Wednesday, March 30, 2011

What To Do With Herbs in Your Garden

It's springtime but not until yesterday did I see the sun come out after many days of rainfall.  Non-stop raining, days and night, generously watered my plants, my roses, and my herbs, until my backyard almost got flooded. What a way  of nature providing me water to  keep my plants hydrated without any cost and helping me save on my water bill.  

Together with Marley, my chihuahua buddy, it was a delight to discover that some of my plants became so lush and some were inundated with water and were almost dying.  The several pieces of ginger which I kept on top of the soil under my rosemary bush came back to life.  They were starting to get wrinkly in my kitchen when I decided to keep them in the garden. This is one tip I learned from my mother which keeps ginger fresh and ready for use anytime. 

The spearmint has taken over everything. If I don't contain it, all the other herbs will die or just be covered underneath it.  They really spread so fast. I have to trim them by cutting about 6 inches from top, then bundling  5 or 6 sprigs together with a kitchen string and hanging them upside down to dry.  They are good to make tea either fresh or dried.  I just love pouring hot boiling water into some fresh spearmint leaves in a cup, covering them with a small plate and letting them sit for a few minutes. You can also add lemon or brown sugar if you desire.  I also use them more often as a garnish to any dish that I cook.  They add more color and presents the food in a more visually palatable way. You can also use the mint as an additional flavoring in making sauces, salad dressings, and other great ideas and experiments you would like to try.  I remember, I also used it as one of the herbs in making the french sauce for my son's project in his French class in high school, the French Roast Prime Rib with French Green Sauce project.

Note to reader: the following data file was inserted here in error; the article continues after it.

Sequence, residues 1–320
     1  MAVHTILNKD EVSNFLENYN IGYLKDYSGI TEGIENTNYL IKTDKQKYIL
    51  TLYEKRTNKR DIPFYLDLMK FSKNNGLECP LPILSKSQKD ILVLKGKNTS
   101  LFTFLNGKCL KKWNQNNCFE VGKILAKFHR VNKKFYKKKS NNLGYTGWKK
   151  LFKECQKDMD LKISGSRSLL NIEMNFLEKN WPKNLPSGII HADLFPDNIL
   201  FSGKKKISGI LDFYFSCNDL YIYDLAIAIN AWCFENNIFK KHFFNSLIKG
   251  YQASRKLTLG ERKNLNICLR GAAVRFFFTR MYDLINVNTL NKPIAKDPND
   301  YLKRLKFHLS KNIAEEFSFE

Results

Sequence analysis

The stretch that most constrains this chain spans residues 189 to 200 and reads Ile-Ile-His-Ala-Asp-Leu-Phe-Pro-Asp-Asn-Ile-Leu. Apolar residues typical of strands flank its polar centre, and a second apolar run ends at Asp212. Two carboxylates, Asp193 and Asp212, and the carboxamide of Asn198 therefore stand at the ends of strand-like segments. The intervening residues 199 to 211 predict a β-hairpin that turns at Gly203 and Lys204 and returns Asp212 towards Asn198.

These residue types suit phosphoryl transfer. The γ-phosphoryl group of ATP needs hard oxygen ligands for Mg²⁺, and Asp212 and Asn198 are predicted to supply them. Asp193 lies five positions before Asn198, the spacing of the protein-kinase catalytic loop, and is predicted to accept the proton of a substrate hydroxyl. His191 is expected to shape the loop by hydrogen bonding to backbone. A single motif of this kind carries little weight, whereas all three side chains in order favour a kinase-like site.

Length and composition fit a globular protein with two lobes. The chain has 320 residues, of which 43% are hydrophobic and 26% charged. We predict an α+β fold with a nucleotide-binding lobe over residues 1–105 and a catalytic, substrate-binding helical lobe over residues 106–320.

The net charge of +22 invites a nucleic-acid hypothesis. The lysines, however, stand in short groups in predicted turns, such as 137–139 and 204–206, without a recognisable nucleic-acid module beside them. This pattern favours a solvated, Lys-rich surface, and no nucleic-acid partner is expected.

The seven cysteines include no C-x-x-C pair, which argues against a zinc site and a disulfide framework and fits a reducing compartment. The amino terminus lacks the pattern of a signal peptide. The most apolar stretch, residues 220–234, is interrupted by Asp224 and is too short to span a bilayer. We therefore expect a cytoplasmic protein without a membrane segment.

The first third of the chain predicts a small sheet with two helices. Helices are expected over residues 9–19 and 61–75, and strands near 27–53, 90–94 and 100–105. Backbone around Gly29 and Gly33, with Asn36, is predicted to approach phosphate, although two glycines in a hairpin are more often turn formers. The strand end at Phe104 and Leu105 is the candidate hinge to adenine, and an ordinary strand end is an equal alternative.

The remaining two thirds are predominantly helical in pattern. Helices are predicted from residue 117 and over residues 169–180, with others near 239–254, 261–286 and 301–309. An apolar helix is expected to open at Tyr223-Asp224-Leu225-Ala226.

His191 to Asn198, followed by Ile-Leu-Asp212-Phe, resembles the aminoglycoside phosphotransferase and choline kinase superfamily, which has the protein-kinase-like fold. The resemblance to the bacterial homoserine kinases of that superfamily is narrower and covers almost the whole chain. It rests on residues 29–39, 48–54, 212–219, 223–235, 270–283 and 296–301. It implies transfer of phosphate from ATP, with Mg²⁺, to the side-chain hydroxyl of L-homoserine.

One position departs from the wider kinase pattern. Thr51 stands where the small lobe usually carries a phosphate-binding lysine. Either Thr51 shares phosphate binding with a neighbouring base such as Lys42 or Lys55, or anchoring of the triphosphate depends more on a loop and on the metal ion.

How else can you use the prolific mint in your garden?  Some people use it to freshen their breath.  Just snip some leaves, pop them into your mouth and chew.  Don't forget to rinse with water afterwards for you don't want the green chlorophyll to stain your teeth and remain in your mouth. 

Mint is also good to eat with a Vietnamese soup called Pho with some sprouts, basil, and lime.  I have the recipe in my blog if you want to make this delectable soup.  The key to making a good Pho is by simmering the beef for a long time until the meat practically falls of its' bones.

The chives became lush and it's now good to use as a sprinkle on top of my omelets or just for garnishing.  I love how just two pieces of chive artistically placed on top of a dish, one on  top of each other, can visually enhance the appearance of the dish.  It is remarkable that so simple an herb as  chive can make dishes created by famous chefs visually appealing.

My oregano grew and it has to be replanted so it can allow for the small sprouts to grow bigger and have more room to grow.  I use both the dry and fresh oregano in my cooking.  A little will go a long way.  I use it in making a Philippine delicacy called "Dinuguan" meaning made of blood.  Pig's blood is commonly used.  I also use it to make some Italian dishes.

Same with the mint, you can use your oregano fresh or dried.  It is a perennial plant you can keep for a long time.  You can dry them by cutting the sprigs, bundling them together, and drying them upside down by hanging in a cool dry place for about three weeks.  When they dry,  you can keep them in jars with a tight lid and store them for future use.  Just don't forget to label each jar and put the date on them.  This way you can distinguish one from another.  Thyme and oregano might look similar when dried and if they're not labeled, you might use the wrong herb and ruin your dish.